Building addition irks FB

A non profit organization plans to construct a seven-story addition on top of a historic townhouse near the corner of 20th and H streets, but the project faces resistance from the Foggy Bottom community.

The Health Services for Children Foundation, which is seeking space for additional offices, applied to have its design reviewed by the Historic Preservation Review Board. Built in 1888, the three-story townhouse adjacent to Au Bon Pain is one of the only surviving original row houses in the area and is part of the proposed George Washington University Historic District.

Members of the surrounding Foggy Bottom neighborhood, however, have expressed reservations about the proposed development and its potential damage to the historic building and the neighborhood, and are attempting to slow the plan’s progress.

“We have asked the HPRB to take their time and postpone the application because surrounding neighbors weren’t notified about it,” Advisory Neighborhood Commissioner Asher Corson said. “We just want more time to look at it.”

Last month, the HPRB made initial recommendations to the site’s design, emphasizing the importance of preserving the historic building as one of the few remaining examples of the residential neighborhood that once existed in this section of the District.

Residents’ main concern with the addition is the change in zoning that would be required in order for construction. The property is currently designated for residential use by the city’s zoning board.

“The main reason people aren’t supporting is because (project advocates) want to go from residential zoning to commercial zoning,” Corson said. “If we allow them to do that, we might be breaking down a firewall that we have protecting our community.”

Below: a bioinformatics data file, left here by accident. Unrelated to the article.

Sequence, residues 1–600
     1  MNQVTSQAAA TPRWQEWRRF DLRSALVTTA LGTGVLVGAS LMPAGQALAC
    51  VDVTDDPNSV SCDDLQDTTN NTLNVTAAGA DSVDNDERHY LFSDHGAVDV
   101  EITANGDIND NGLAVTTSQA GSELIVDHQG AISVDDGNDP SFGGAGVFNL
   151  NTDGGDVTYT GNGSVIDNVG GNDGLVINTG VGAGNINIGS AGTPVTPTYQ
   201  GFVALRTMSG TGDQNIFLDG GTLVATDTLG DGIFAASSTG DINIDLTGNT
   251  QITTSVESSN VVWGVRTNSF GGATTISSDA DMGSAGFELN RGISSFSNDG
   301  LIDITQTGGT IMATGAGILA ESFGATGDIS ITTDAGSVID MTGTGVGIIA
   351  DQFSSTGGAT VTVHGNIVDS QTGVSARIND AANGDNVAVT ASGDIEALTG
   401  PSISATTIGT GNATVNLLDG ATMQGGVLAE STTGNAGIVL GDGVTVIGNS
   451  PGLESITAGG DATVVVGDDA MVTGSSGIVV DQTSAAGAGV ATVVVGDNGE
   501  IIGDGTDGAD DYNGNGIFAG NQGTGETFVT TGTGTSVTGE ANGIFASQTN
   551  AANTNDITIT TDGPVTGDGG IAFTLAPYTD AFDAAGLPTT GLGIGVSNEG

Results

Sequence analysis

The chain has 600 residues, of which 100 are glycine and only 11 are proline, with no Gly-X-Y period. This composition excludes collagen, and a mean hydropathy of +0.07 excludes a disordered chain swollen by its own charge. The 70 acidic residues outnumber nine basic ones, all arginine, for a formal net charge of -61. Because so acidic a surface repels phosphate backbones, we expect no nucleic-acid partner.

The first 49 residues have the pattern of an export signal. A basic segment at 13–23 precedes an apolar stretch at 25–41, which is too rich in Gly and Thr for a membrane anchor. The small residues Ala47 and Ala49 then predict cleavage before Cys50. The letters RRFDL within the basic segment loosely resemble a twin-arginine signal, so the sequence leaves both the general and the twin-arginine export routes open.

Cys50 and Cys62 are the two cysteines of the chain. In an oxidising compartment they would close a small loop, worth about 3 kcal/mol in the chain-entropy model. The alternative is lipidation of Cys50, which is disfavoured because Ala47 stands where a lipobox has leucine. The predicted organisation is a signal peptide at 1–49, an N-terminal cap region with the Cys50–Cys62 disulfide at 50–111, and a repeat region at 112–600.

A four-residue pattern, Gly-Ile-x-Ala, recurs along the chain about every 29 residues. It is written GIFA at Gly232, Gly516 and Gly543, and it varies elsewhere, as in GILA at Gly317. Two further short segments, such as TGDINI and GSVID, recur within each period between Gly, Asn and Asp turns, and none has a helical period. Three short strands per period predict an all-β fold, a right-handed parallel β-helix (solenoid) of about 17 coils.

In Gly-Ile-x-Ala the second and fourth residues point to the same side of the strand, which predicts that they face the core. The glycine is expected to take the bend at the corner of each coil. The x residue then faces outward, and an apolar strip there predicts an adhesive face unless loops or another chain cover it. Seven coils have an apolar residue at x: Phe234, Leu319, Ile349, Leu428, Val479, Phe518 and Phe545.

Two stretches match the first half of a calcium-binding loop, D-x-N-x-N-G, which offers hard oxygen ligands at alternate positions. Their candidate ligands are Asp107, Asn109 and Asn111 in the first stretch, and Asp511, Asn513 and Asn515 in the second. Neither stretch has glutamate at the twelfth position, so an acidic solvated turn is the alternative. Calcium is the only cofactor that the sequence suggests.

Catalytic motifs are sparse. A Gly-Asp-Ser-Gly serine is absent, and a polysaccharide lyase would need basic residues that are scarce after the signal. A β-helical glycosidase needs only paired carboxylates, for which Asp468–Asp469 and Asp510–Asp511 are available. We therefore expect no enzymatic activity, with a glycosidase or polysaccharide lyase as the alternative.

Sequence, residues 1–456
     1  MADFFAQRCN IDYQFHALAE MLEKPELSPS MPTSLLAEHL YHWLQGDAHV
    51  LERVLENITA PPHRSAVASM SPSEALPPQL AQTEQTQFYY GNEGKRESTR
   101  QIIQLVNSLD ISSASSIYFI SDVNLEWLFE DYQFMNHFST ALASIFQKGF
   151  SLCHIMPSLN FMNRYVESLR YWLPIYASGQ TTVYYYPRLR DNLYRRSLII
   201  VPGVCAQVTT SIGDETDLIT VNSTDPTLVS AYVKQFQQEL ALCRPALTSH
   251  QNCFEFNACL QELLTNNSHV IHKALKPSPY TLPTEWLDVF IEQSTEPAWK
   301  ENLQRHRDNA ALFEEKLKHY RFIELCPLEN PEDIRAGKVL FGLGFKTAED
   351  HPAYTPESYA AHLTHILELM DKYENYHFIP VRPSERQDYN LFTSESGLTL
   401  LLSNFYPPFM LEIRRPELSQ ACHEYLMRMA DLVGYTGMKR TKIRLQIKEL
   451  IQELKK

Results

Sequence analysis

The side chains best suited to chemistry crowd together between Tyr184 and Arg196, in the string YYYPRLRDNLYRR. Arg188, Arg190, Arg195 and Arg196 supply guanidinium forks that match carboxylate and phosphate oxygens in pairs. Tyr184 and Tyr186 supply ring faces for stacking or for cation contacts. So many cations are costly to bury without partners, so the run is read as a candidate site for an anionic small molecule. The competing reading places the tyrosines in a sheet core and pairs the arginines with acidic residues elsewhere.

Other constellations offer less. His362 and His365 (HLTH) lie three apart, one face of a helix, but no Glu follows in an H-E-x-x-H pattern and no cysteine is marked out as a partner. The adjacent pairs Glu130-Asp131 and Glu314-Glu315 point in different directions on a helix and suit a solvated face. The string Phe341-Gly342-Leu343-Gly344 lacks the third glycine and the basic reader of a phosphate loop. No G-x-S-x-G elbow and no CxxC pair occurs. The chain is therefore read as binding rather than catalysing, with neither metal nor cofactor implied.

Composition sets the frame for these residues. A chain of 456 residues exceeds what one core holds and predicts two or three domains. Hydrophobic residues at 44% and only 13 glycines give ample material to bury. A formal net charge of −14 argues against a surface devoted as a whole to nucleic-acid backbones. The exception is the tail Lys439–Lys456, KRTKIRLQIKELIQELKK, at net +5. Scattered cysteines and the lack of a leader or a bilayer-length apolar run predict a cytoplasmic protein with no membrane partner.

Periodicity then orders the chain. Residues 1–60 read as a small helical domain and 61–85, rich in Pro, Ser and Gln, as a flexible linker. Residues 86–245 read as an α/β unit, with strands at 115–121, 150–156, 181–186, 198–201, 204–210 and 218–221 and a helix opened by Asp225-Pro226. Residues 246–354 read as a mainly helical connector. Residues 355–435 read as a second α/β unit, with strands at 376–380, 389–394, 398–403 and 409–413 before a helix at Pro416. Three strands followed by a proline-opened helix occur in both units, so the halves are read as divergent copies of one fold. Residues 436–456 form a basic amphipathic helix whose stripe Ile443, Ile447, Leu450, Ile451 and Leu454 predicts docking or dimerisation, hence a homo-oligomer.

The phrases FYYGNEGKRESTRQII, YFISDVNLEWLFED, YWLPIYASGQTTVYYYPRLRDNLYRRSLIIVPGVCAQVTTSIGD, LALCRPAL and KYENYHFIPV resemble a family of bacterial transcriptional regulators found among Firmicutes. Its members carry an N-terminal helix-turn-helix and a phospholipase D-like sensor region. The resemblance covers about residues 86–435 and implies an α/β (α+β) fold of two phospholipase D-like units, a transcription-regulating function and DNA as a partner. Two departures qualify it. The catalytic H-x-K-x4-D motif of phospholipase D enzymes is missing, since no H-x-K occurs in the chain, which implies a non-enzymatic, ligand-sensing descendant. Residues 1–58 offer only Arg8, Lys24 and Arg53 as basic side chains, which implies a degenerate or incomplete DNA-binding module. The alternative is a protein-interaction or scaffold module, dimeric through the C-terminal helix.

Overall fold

Foggy Bottom resident Barbara Kahlow has led the fight against the addition. Corson said Kahlow has “really helped bring this to the attention of the ANC and really has a strong handle on the situation.”

“The community is united,” Kahlow said. “We oppose it on multiple grounds. It is one of the few remaining townhouses. It would be awful to have it damaged.”

The site’s design plans include a seven-story addition to the building, with the upper levels to be used as office space. The carriage house in the back of the lot would be used as a two-story conference room.

The lot is surrounded by the 2000 Penn development to the north and a University-owned parking lot to the east.

The proposed architectural design aims to incorporate the building’s historic aspects into the design. The HPRB is specifically interested in ensuring that the design building achieves the goal of “being a modern and compatible neighbor, while at the same time preserving the historic structures and their relationship,” according to the initial plans.

The addition is set back from the front of the building to avoid overpowering the structure. The HPRB recommends the first and second floors of the addition have a fa?ade made up of mostly glass in order to preserve visibility between the row house and the carriage house.

The foundation has agreed to work with the community in discussing the design.

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